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Ghorepani Poonhill Trek
Nepal Fact Sheet
Now that Visit Nepal 2020 is approaching near to us, every endeavor is being made by the government as well as the private sector. On one of his interview, CEO of NTB, Deepak Raj Joshi said that the Visit Nepal 2020 campaign is more focused on cultural segments as Nepal is always highlighted as a mountainous country and for avid adventurers. So, this campaign calls for the promotion of cultural heritage and tradition as well.
The influx of tourism in Nepal is at an increasing pace, and except the shimmering range of towering mountains, Nepali culture is also a matter of interest for the visitors. An ancient country sandwiched between China and India, Nepal boasts an intriguing geographical and cultural facts for its size. So to know more of Nepali culture facts here, we are.
It is believed that dances in Nepal originated in the abode of Lord Shiva in the Himalayas, where he performed tandav. No wonder, Nepali culture, and traditions are ancient.
Cultural dances in Nepal is accompanied by traditional music and musical instrument that depicts a different line of stories like marriage rites, crop harvesting, war stories, and so on. And you can watch some like Stick Dance, Fire Dance, and Peacock Dance during village tour in Chitwan.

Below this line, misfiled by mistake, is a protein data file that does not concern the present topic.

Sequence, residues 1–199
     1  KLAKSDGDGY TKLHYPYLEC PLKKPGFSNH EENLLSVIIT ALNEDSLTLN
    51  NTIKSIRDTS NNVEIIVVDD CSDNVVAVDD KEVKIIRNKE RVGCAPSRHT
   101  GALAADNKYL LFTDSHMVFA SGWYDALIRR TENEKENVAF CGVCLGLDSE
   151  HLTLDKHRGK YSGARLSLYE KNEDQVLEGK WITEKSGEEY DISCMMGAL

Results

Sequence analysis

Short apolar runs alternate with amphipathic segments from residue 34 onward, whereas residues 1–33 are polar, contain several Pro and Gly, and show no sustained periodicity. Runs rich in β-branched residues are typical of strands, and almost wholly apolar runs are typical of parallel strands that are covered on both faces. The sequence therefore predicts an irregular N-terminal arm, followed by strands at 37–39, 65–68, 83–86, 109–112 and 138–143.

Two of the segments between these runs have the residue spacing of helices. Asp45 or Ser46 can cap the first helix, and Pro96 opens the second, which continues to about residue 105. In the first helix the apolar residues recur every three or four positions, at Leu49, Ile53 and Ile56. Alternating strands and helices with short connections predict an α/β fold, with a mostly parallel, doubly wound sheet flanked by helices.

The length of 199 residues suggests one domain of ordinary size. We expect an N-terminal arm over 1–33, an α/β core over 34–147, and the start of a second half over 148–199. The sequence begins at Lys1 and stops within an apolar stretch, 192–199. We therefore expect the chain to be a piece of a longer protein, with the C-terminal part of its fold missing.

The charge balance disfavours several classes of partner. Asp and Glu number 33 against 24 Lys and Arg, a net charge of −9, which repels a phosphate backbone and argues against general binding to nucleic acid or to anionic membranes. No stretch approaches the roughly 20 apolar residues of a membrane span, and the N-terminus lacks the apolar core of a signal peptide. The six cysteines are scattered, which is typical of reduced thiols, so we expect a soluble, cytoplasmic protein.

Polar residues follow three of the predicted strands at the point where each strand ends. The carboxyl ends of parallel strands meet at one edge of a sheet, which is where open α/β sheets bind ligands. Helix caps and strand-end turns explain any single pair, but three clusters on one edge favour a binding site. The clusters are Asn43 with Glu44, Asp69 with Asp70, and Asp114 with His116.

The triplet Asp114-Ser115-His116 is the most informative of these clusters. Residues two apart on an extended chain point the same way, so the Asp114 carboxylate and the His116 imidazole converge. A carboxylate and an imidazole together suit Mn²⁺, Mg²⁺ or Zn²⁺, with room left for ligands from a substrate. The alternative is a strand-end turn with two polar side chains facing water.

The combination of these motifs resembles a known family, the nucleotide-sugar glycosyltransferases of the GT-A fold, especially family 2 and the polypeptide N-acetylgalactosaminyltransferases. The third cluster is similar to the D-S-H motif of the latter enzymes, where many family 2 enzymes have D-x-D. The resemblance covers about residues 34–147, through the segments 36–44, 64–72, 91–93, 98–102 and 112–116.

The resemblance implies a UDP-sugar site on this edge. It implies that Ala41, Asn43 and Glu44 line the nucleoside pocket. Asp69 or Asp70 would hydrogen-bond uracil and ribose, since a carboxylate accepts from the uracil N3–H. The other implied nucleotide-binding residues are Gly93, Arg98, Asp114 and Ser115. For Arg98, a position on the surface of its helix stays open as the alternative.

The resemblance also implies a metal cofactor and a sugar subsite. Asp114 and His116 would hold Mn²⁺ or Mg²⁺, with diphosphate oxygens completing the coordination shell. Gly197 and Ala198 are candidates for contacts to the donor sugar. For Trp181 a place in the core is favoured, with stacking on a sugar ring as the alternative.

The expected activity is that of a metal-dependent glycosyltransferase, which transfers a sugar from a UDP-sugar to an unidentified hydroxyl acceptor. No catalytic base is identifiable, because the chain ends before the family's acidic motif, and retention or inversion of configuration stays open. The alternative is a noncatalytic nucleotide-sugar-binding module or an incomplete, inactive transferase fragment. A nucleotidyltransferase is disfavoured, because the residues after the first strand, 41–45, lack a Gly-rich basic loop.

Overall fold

Although the national dress of Nepal is Daura-Surwal-Dhaka Topi (Male) and Gunyu-Cholo-Patuki (Female), the ethnic groups in Nepal adhere to their ethnic dress that showcases Nepali culture and identity. However, the dress is mainly determined by the regional settlement.
In Terai, dhoti, kamij, gamchha, and kurta are for male, while female wears surwal-kamji, sari-cholo. Daura Surul, Bhoto, and Pheta are for males of Hilly region and females are ghalek, patasi, majestro, and dhoti. Likewise in the mountain region, bakkhu, docha, shyambu and lukani are worn by males and females wear bakkhu, dochha and pang.
So, don’t get confused while visiting the parts of Nepal, as the dress code is according to region and ethnicity and they all are Nepali culture dress.
Nepal is a religious country, and people here are very conservative. From a guy and a girl holding hands in public to covering your face from the male members of a family (of course, except husband), you can be surprised knowing the culture in Nepal.
Some intriguing one are; males member of the family eat first, touching with feet is offensive, showing affection in public is not allowed, children live with parents throughout their life, wearing skin-showing clothes is against culture.